Two-dimensional (2-D) materials consist of atomically thin crystal layers bound by the van der Waals force. Recently, the popularity of these materials has been on the rise, primarily due to their many potential applications in electronics, optoelectronics and catalysis.
This is especially true for solution-processable 2-D semiconductor nanosheets, such as MoS2, which show particular potential for the development of large-area thin-film electronics. Compared to conventional zero- and one-dimensional nanostructures, which are typically restricted by surface dangling bonds and associated trapping states at grain boundaries, 2-D nanosheets have dangling-bond-free surfaces, resulting in a clean interface within a thin film and thus excellent charge transport.
Despite their potential benefits, preparing high-quality solution-processable 2-D semiconductor nanosheets comes with a number of challenges. For instance, MoS2 nanosheets and thin films created using lithium intercalation and exfoliation are negatively affected by the presence of the metallic 1T phase, and thus show poor electrical performance.
"In the conventional lithium (Li) intercalation process, the insertion of each Li+ ion entails the injection of one electron into the host crystals," Prof. Xiangfeng Duan, one of the researchers who carried out the study, told TechXplore. "The intercalation of a large number of Li+ leads to massive electron injection into the MoS2 crystal (1 e per formula unit in LiMoS2) that induces the undesired semiconducting 2H to metallic 1T phase transition."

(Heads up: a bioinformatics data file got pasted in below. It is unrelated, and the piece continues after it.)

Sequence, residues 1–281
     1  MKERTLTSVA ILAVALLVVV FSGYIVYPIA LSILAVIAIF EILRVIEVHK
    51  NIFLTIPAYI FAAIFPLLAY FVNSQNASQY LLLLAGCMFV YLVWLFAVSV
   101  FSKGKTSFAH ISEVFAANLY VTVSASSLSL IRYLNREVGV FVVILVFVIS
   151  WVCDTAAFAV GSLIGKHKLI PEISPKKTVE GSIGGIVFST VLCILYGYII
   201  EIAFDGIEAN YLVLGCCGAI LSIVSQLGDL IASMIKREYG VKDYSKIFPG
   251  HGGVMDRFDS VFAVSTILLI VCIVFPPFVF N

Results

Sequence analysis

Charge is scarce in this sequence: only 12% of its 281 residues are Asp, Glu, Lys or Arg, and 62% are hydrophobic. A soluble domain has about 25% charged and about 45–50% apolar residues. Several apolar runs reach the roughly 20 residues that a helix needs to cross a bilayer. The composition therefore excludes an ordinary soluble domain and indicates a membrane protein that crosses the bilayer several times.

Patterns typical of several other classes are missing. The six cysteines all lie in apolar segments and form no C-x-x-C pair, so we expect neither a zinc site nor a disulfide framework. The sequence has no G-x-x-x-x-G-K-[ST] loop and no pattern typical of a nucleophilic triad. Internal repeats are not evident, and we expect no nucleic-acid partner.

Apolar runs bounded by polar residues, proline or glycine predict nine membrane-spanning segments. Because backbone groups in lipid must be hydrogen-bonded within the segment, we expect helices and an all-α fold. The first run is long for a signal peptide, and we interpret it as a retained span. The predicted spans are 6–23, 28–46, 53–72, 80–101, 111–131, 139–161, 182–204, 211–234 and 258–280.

Past studies suggest that this unfavourable phase transition only occurs when the electron injection exceeds a certain threshold, that of 0.29 e per MoS2 formula unit. Based on these findings, Duan and his colleagues devised a new approach to prepare semiconductor 2-D nanosheets, in which the electron injections are chemically manipulated to be below this observed threshold.
"We came up with the idea to reduce the electron injection into the hosting 2-D crystals and prevent the undesired phase transition by replacing the small Li+ (d ≈ 2 Å) with larger cations, such as quaternary ammonium (d ≈ 20 Å for THAB)" Prof. Duan explained. "The bulky size of the quaternary ammonium molecules naturally limits the number of molecules that can fit into the hosting crystal and thus the number of electrons injected, which prevents the undesired phase transition to the metallic 1T phase."
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